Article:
The pandemic is drawing to a close, World Health Organization officials said Wednesday. But they refused to rule out a plot twist that could reverse some, if not all, progress made on the disease over the past three years.
“The acute phase of the pandemic is ending,” Dr. Sylvie Briand, director of the WHO’s Epidemic and Pandemic Prevention and Preparedness program, told viewers of a global COVID webinar. She was referencing the first and often worst phase of a pandemic, during which a new virus presents a global emergency. The WHO late last month extended the COVID global health emergency status by another three months but noted that the pandemic “may be approaching an inflexion point.”
But “until no one is at risk, everyone is at risk” of a disease that continues to evolve and affect different countries to different extents, Maria Van Kerkhove, technical lead for COVID-19 at the WHO, added.
While Omicron subvariant BA.5, which surged this past summer, and its descendents continue to dominate globally, “the virus has not stabilized into a predictable pattern of evolution,” Dr. Lorenzo Subissi, technical officer of emerging zoonotic diseases at the WHO, told those tuning in.
COVID will, in all likelihood, continue to spawn variants that are increasingly more transmissible and immune-evasive—and they may or may not be more severe, he added.
Dr. Arurag Agrawal, director of the Council of Scientific and Industrial Research Institute of Genomics and Integrative Biology in India, raised the possibility of a more severe strain of COVID in the future, Omicron or otherwise.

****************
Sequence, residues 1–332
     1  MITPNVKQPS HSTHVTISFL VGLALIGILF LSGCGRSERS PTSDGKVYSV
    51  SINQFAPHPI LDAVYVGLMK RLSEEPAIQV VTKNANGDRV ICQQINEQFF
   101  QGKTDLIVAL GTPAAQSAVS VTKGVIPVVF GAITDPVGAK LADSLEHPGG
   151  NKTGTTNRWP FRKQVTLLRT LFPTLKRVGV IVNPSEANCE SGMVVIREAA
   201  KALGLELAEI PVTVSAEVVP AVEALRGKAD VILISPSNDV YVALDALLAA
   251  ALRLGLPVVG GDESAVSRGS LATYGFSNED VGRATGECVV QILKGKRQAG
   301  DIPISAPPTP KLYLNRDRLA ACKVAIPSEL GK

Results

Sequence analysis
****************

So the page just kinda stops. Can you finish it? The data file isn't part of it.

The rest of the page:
There exists a popular belief that Omicron is a weakened version of the original COVID. But it's generally more mild presentation is likely due, at least in part, to widespread T-cell immunity in many areas of the world. While T cells can’t stop disease, they blunt its impact, often making it appear more mild than it might in a population with virtually no immunity—like China before the lifting of “zero COVID” measures.
“Omicron can cause severe disease,” Agrawal said. “It is not nature’s vaccine.”
Recombinants, or combinations, of two COVID variants, like XBB.1.5—a mix of two spinoffs of so-called “stealth Omicron” BA.2—are a bit of a wildcard, experts say.
XBB.1.5 has not shown signs of increased disease severity. But experts can’t exclude the possibility that COVID will combine with another coronavirus altogether—either in humans or in animals, from which it could spill back into humans, Lorenzo said.
What’s more, with variant surveillance on the decline and surveillance of variants in animals as anemic as always, it’s possible such a development has occurred or will occur, and that humanity is—or will be—caught by surprise.
“We need to make sure this is not happening,” he said, referencing the possibility of a new coronavirus via recombination.
Agrawal called such a scenario “worst case.”
The panel of experts expressed hope that the current pattern of relatively mild disease for many will hold. But, as experts point out, hopes don’t always align with reality.
Now in its fourth year of the pandemic, the world is in a difficult position, Van Kerkhove said: “No one really wants to talk about COVID anymore.”
A misconception exists that the world should wrap up the COVID-19 emergency and prepare for the next, she said. But “everything we’re doing—strengthening systems, building new systems … that’s preparedness for the next one,” she said.
“Responding to COVID is pandemic preparedness for the future.”
Eventually, COVID will become one of the many global diseases the WHO works to keep in check, she said.
But “we’re still not there yet,” she said, adding that she remains “optimistic that we will end the emergency of COVID this year.”